Curated from more than 200 photographs taken over the course of six months in 1974, artist Perci Chester's In Search of the Glass Slipper (on exhibit at Traffic Zone Gallery) is an intimate retrospective series documenting the gay party scene in San Francisco. Vivid, vibrant, and unbridled, the photographs evoke the freedom of the pre-AIDS era, revealing the seldom seen and showcasing an underground culture in a joyful and honest depiction. Each photograph not only represents the life around her during this era but also chronologically contextualizes the novelty of so many cultures living quite harmoniously in San Francisco.
As the title would suggest, the exhibit poetically embodies our universal desire to find love and acceptance. Her photographs capture ephemeral moments, exploring narratives through friendship and community while highlighting the costume and transformation of people taking part in a "cycle of hide and seek."
"This show has been incubating in my head for years," she explains. "It’s personal, that the people — the subjects — trusted me. In that trust, people shared themselves in these photographs. They are very present, revealing an honesty — ‘Here’s who I am’ — to me and to the world.”
Red Rose, archival pigment print scanned from film negative
Inspired by a workshop at the San Francisco Art Institute taught by Imogen Cunningham and Lisette Model, two women who helped redefine modern photography, Perci started taking photos with her Leica M-3. Emulating the ruthlessly candid, humanistic, unconventional work of those essential portrait photographers, she began photographing everything from people on the street to people fixing sewers, Latino costume parades, and house parties.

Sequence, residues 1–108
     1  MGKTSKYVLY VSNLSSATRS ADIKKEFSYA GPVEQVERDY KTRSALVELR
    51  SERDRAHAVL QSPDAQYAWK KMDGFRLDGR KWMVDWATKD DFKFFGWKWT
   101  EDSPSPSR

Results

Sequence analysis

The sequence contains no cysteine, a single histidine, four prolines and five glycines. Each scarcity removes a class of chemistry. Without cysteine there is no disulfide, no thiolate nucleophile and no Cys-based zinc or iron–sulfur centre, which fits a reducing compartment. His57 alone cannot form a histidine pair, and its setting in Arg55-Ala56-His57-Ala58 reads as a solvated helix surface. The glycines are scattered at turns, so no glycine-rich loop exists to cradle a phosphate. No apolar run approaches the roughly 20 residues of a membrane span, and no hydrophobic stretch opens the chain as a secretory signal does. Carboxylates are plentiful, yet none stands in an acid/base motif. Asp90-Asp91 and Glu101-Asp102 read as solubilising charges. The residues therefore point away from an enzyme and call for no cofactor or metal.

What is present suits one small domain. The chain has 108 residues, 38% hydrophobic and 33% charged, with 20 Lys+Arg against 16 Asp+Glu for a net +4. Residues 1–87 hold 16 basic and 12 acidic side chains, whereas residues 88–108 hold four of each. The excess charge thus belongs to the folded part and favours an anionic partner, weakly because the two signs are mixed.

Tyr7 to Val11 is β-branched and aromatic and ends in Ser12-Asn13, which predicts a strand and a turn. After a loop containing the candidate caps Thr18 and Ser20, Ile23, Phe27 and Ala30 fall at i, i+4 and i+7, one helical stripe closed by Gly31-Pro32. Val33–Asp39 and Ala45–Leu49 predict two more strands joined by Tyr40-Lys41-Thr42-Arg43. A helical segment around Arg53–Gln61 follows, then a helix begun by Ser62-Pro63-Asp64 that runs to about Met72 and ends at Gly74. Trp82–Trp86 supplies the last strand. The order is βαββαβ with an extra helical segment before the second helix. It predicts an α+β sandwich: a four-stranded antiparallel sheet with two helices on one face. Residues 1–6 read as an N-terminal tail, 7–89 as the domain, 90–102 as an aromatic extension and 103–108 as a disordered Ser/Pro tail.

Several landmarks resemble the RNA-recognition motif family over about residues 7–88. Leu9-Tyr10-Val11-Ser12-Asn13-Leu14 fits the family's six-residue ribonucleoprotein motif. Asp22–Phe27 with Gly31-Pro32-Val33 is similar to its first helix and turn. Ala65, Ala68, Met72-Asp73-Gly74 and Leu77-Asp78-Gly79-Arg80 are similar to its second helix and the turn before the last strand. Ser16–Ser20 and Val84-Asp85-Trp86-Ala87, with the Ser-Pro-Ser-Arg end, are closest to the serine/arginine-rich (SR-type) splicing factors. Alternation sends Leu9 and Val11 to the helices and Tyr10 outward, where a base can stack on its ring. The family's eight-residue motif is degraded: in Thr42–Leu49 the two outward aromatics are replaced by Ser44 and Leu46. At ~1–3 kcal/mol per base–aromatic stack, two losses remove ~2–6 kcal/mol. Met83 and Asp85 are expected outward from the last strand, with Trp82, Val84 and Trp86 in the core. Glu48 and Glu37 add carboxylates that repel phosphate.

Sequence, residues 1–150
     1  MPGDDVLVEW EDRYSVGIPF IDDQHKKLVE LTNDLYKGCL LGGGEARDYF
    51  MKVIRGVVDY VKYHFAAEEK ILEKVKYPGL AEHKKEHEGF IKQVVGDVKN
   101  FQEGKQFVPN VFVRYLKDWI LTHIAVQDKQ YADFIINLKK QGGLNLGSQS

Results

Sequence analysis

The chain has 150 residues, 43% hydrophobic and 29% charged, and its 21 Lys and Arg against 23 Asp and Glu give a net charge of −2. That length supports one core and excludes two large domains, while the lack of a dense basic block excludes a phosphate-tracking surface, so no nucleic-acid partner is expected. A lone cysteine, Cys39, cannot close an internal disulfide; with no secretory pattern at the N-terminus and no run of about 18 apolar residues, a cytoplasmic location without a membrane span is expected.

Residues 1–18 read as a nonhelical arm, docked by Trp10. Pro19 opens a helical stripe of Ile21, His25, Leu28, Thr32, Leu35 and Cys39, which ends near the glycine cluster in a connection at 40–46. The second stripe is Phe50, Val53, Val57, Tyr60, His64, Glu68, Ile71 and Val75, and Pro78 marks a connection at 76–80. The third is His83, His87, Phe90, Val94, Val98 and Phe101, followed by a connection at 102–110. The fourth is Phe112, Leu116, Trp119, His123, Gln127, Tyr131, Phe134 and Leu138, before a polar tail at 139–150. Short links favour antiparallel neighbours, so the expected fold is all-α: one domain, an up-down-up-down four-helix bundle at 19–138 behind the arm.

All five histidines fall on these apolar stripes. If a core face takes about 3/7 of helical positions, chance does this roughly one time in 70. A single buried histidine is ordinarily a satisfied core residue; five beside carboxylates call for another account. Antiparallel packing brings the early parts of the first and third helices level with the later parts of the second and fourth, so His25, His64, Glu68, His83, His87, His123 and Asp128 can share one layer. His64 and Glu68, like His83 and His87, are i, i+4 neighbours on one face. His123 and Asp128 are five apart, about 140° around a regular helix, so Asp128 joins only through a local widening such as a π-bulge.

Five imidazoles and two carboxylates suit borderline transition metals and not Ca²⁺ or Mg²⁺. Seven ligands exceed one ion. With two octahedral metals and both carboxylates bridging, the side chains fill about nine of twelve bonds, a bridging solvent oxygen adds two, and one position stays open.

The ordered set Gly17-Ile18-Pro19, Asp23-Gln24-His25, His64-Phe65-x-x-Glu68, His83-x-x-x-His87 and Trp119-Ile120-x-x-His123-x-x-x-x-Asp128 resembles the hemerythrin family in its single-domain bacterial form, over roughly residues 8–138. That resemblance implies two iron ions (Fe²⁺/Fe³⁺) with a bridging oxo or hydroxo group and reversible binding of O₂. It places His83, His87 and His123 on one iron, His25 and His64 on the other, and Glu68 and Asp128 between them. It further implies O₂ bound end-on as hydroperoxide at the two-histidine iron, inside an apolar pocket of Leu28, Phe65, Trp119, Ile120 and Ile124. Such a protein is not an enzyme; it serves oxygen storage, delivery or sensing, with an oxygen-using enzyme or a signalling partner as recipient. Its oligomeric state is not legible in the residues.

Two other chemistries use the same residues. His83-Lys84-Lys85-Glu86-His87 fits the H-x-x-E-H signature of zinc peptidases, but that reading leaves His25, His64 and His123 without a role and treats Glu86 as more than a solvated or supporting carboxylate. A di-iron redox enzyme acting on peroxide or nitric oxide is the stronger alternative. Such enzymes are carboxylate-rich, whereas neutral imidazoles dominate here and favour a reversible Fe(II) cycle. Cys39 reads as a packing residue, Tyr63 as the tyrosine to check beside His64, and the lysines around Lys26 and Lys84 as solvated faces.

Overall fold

"Living in SF at that time — opening myself to different communities with many kinds of opportunities — kept me fascinated to continue to explore SF. I also was enamored with the quality of light that happened often in the city — I called them 'San Francisco dream days.'"
Perci's "dream days" carried over into the nightlife, documenting an underground scene and community at its most rare, raw, and expressive. After taking photos at a Halloween party her college roommate took her to in 1974, Perci decided to bring her camera along to all of these lively soirees.
Poco Doti, archival pigment print scanned from film negative
"Several people became friends and invited me to a number of house parties that year where people in drag vogued for my camera and shared stories with me, excited to reveal themselves where they had not previously been able to for so many reasons."
Perci also photographed other drag events, including concerts by the famed disco and soul diva Sylvester, who would perform at the San Francisco nightclub Bimbo's. She wanted to showcase the energy of people enjoying themselves in the elegant setting of the nightclub.
Hesitating to show the series until she could establish connections with the appropriate venue, Perci put the collection on the back burner, focusing on her work as a painter and sculptor. Until now, she didn't feel that the public was open to see this work and understand the community it represents. For her, this series represents a freedom and laissez-faire nature specific to the pre-AIDS gay community in San Francisco.